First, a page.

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  2. 2. INTRODUCTIONOne of the most important steps in designing a database isensuring that the data is properly distributed among its tables.With proper data structures, illogically or inconsistently storeddata can cause a number of problems. In a relational database, alogical and efficient design is just as critical. A poorly designeddatabase may provide erroneous information, may be difficult touse, or may even fail to work properly. A poorly design databasecan cripple an application, producing problems with redundancy,in accuracy, consistency and concurrency of data. Normalizationis a process that serves to reduce, if not eliminate, theseproblems with data.
  3. 3. DESCRIPTION OF NORMALIZATION Normalization is the process of organizing data to minimize redundancy. The goal of database normalization is to decompose relations with anomalies in order to produce smaller, well- structured relations. Normalization usually involves dividing large tables into smaller (and less redundant) tables and defining relationships between them. The objective is to isolate data so that additions, deletions, and modifications of a field can be made in just one table and then propagated through the rest of the database via the defined relationships.
  4. 4. Normalization LevelsThere are a few rules for database normalization. Each rule is called a "normal form." If the first rule is observed, the database is said to be in "first normal form." If the first three rules are observed, the database is considered to be in "third normal form." Although other levels of normalization are possible, third normal form is considered the highest level necessary for most applications. There is a number of normalization levels from 1. normal form through 5. normal form. Each normal form describes how to get rid of some specific problem, usually related to redundancy. Below are description with examples of level one to three normal forms.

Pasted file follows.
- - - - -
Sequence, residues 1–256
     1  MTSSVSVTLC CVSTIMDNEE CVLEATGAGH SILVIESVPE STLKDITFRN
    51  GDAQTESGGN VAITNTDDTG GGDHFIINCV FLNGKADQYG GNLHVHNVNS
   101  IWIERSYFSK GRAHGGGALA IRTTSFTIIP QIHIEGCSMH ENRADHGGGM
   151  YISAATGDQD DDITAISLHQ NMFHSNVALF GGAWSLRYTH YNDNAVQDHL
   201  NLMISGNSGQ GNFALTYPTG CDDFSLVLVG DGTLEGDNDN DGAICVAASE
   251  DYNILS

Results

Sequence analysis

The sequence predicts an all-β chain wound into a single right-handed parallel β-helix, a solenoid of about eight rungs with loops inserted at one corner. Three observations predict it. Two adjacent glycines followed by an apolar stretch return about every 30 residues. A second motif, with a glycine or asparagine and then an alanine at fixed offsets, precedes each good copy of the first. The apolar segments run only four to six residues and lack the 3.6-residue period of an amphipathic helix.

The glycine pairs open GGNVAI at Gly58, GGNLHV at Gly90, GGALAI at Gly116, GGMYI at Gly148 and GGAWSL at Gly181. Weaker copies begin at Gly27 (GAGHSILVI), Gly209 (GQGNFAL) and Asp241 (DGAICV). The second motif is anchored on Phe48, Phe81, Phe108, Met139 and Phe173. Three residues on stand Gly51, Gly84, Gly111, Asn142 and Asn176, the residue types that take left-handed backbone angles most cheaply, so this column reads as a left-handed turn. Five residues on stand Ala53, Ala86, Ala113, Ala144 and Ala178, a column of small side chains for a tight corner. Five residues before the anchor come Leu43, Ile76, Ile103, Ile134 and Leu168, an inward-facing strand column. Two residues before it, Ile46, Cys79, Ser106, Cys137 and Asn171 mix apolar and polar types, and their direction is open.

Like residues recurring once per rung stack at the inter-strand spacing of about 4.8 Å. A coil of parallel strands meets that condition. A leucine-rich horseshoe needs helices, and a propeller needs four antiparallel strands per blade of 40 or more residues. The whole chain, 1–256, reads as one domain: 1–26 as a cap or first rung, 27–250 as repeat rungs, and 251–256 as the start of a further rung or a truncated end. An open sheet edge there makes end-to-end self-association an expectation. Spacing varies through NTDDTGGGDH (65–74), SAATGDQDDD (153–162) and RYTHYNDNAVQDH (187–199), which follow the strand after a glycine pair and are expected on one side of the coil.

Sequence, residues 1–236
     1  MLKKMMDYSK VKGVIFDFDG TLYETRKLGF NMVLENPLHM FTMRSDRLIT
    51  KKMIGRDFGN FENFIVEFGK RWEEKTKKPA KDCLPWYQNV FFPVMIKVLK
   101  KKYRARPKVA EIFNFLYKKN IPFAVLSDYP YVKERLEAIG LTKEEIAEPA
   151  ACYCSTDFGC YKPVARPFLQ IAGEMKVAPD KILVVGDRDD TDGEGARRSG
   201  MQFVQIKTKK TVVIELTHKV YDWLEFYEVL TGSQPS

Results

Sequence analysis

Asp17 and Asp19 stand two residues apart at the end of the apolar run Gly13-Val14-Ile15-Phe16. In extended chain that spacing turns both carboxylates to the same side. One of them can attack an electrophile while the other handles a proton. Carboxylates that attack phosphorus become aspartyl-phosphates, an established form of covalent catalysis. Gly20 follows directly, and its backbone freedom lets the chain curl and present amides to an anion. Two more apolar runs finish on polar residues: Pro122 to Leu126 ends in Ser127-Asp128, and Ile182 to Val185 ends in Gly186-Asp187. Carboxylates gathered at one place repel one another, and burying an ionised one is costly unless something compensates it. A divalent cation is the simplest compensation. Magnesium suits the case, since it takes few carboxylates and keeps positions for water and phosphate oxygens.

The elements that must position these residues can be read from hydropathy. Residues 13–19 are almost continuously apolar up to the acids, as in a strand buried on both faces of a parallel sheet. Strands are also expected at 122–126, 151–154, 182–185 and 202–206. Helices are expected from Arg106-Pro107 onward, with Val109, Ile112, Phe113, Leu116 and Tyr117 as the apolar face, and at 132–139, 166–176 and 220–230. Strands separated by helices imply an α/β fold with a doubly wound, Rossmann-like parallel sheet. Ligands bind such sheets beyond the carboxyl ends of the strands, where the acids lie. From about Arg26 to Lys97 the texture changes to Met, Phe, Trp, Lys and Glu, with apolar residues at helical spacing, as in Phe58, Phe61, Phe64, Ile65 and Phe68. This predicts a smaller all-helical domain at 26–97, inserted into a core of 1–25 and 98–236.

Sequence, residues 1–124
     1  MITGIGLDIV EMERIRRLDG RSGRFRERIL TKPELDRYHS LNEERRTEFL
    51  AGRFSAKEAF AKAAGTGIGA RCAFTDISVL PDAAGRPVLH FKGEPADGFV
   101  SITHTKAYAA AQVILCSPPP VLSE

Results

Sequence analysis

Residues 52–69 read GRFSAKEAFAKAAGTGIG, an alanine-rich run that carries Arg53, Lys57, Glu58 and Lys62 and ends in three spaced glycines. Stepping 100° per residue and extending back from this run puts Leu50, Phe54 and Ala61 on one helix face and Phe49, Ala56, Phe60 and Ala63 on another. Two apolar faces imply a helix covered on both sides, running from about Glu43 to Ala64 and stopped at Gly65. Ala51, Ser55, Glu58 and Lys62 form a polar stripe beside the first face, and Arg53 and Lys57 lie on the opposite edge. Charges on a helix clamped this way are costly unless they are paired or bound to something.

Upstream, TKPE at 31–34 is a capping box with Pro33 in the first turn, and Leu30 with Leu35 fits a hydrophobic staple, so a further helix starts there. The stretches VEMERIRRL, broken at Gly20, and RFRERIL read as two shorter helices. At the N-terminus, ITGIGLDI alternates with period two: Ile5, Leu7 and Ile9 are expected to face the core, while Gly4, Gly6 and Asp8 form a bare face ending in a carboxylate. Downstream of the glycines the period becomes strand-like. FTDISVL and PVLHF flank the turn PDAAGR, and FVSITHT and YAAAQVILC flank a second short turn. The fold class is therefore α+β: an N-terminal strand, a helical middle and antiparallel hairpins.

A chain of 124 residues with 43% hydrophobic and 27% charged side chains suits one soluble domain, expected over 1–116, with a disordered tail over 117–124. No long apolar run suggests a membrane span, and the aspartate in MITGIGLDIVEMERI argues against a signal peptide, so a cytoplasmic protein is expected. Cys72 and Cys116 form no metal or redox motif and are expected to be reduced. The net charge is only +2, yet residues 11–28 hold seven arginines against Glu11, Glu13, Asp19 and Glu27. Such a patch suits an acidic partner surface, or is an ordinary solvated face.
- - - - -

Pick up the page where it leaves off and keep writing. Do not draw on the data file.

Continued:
5. 5. First Normal Form Eliminate repeating groups in individual tables. Create a separate table for each set of related data. Identify each set of related data with a primary key.
  6. 6. Second Normal Form Create separate tables for sets of values that apply to multiple records. Relate these tables with a foreign key. Records should not depend on anything other than a tables primary key (a compound key, if necessary).
  7. 7. Third Normal FormEliminate fields that do not depend on thekey. Third normal form prohibitstransitive dependencies. A transitivedependency exist when any attribute in atable is dependent of any other non-keyattribute in that table.
  8. 8. Other Normalization FormsFourth normal form, also called Boyce CoddNormal Form (BCNF), and fifth normal formdo exist, but are rarely considered in practicaldesign. Disregarding these rules may result inless than perfect database design, but shouldnot affect functionality.
  9. 9. Examples Of Normalization Table 1. Unnormalized table:Student advisor Adv- Class 1 Class 2 Class 3 room1022 Jones 412 101-07 143-01 159-024123 Smith 216 201-01 211-02 214-01
  10. 10. First Normal Form: No RepeatingGroups Studet Advisor Adv-room class 1022 jones 412 101-07 1022 jones 412 143-01 1022 jones 412 159-02 4123 smith 216 201-01 4123 Smith 216 211-02 4123 smith 216 214-01
  11. 11. Second Normal Form: Eliminate Redundant Data registrationstudent student class Student Advisor Adv- room 1022 101-07 1022 Jone 412 1022 143-01 s 4123 Smitt 216 1022 159-01 4123 201-01 4123 211-02 4123 214-01
  12. 12. Third Normal Form: Eliminate Data Not Dependent On Key faculty studentStudent advisor Name Room Depart1022 Jones Jones 412 424123 smith Smith 216 42
  13. 13. Normalising A Database Should Be Able To Achieve The Following Four Goals: Arranging data into logical groups such that each group describes a small part of the whole Minimizing the amount of duplicated data stored in a database Building a database in which you can access and manipulate the data quickly and efficiently without compromising the integrity of the data storage Organising the data such that, when you modify it, you make the changes in only one place
  14. 14. By Normalization The Following Problem In Relational Database Are Solve Use storage space efficiently Eliminate redundant data Reduce or eliminate inconsistent data Ease the database maintenance burden Enforce referential integrity. Data integrity Minimize modification anomalies